Malacañang pleads anew: Give Sereno a break
For the umpteenth time, Malacañang is pleading that Chief Justice Maria Lourdes Sereno be given a break.
Communication Secretary Ricky Carandang on Tuesday sought to steer clear of the reported snub by seven justices of Sereno’s first flag-raising ceremony on Monday, but said the public expected her colleagues to give her a chance to prove herself.
“I don’t want to speculate on why some of the justices did not appear at the flag ceremony,” he said. “What’s clear is that the Supreme Court has a new leader; no one is questioning that.”
Carandang said he’d rather not dwell on whether the absence by half of the magistrates at Monday’s flag ceremony was a snub. What was important, he added, was whether the justices could carry out reforms in the judiciary.
“I would not try to read anything into it at this point in time. What’s important is whether or not they can move on the reforms that are needed and sought by the public,” he said. “What’s important is that the work gets done.”
Carandang said he could not say Sereno’s appointment had created a rift in the high tribunal.
“People are reading things into the absence of this or that justice from this or that ceremony and the justices themselves have not said anything,” he said, adding that what’s important is a responsive justice system.
Asked if the other justices should move on, Carandang said, “We’re assuming that with the appointment of a new Chief Justice, the Supreme Court can get about with its business.”
Caps impeach drama
Carandang said that Sereno’s appointment was largely perceived “to be a positive thing that caps the drama” over the ouster of Chief Justice Renato Corona for the nondisclosure of his assets.
“It’s a new slate and we hope that everybody will give Justice Sereno a chance to prove herself,” he said.
When Sereno appeared and spoke at her first flag-raising ceremony at the Supreme Court on Monday morning, Associate Justices Antonio Carpio, Teresita Leonardo de Castro, Diosdado Peralta, Lucas Bersamin, Arturo Brion, Presbitero Velasco and Martin Villarama Jr. were absent.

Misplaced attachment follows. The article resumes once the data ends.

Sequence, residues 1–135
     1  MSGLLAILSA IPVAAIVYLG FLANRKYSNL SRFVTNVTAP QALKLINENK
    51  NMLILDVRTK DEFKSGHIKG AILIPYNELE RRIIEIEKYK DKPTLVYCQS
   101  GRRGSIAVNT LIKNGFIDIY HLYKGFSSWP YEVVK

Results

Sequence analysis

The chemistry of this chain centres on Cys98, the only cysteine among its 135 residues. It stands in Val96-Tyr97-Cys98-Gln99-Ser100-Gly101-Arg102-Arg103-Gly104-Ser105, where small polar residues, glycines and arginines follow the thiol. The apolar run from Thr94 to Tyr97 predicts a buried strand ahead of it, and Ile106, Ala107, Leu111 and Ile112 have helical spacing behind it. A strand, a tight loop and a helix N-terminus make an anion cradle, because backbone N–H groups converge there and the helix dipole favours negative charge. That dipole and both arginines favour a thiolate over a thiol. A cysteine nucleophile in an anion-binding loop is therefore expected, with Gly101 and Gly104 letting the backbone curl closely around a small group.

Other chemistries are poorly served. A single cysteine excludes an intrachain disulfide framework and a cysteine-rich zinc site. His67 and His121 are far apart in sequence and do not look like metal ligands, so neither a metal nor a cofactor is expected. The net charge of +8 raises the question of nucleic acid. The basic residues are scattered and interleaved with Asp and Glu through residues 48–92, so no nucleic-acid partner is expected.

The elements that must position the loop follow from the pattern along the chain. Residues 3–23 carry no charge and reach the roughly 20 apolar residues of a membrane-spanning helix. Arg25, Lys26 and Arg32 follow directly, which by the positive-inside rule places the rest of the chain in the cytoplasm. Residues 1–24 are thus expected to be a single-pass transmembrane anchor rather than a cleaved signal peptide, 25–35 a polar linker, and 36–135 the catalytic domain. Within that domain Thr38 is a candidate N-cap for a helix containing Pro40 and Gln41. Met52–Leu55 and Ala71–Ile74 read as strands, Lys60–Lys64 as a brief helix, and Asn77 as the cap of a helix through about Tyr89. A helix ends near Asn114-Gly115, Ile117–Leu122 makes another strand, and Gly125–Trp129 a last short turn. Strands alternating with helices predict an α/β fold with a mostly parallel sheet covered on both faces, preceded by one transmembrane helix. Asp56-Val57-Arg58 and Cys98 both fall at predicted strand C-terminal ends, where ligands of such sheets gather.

In her oath-taking before President Benigno Aquino in Malacañang on August 25, only Villarama and Associate Justices Estela Perlas-Bernabe, Mariano del Castillo and Bienvenido Reyes showed up.
Get on with business
Mr. Aquino broke tradition when he picked the 52-year-old junior justice over the five most senior justices. Sereno will serve as Chief Justice for the next 18 years until the retirement age of 70.
Justice Secretary Leila de Lima shrugged off reported tensions in the court.
Initial birth pains
“It’s too early to conclude there is such a friction,” she told the Philippine Daily Inquirer. “I’d like to play it by ear and observe what will happen,” she said, describing what Sereno was experiencing as “just initial birth pains.”
Representative Niel Tupas Jr., a member of the Judicial and Bar Council, said that at the JBC meeting with Sereno, the Chief Justice seemed “upbeat and happy.”
“If she can prove herself to her colleagues as well as reach out and gain their confidence and respect, slowly she will get the cooperation of other members of the court,” he said.
Also on Tuesday, Budget Secretary Florencio Abad said he would meet with the justices Wednesday to discuss their budget and their “digitization program.”
“We’re just guests there,” he said in a text message. With reports from Christine O. Avendaño and Leila B. Salaverria
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